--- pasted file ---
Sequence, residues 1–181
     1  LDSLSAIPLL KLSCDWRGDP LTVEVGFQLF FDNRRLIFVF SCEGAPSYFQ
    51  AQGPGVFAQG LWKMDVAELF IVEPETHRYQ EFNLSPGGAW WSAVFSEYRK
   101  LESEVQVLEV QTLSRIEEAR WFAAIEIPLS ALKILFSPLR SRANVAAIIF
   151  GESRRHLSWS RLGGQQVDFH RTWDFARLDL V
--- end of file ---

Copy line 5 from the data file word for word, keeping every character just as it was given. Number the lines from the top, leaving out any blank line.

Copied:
   151  GESRRHLSWS RLGGQQVDFH RTWDFARLDL V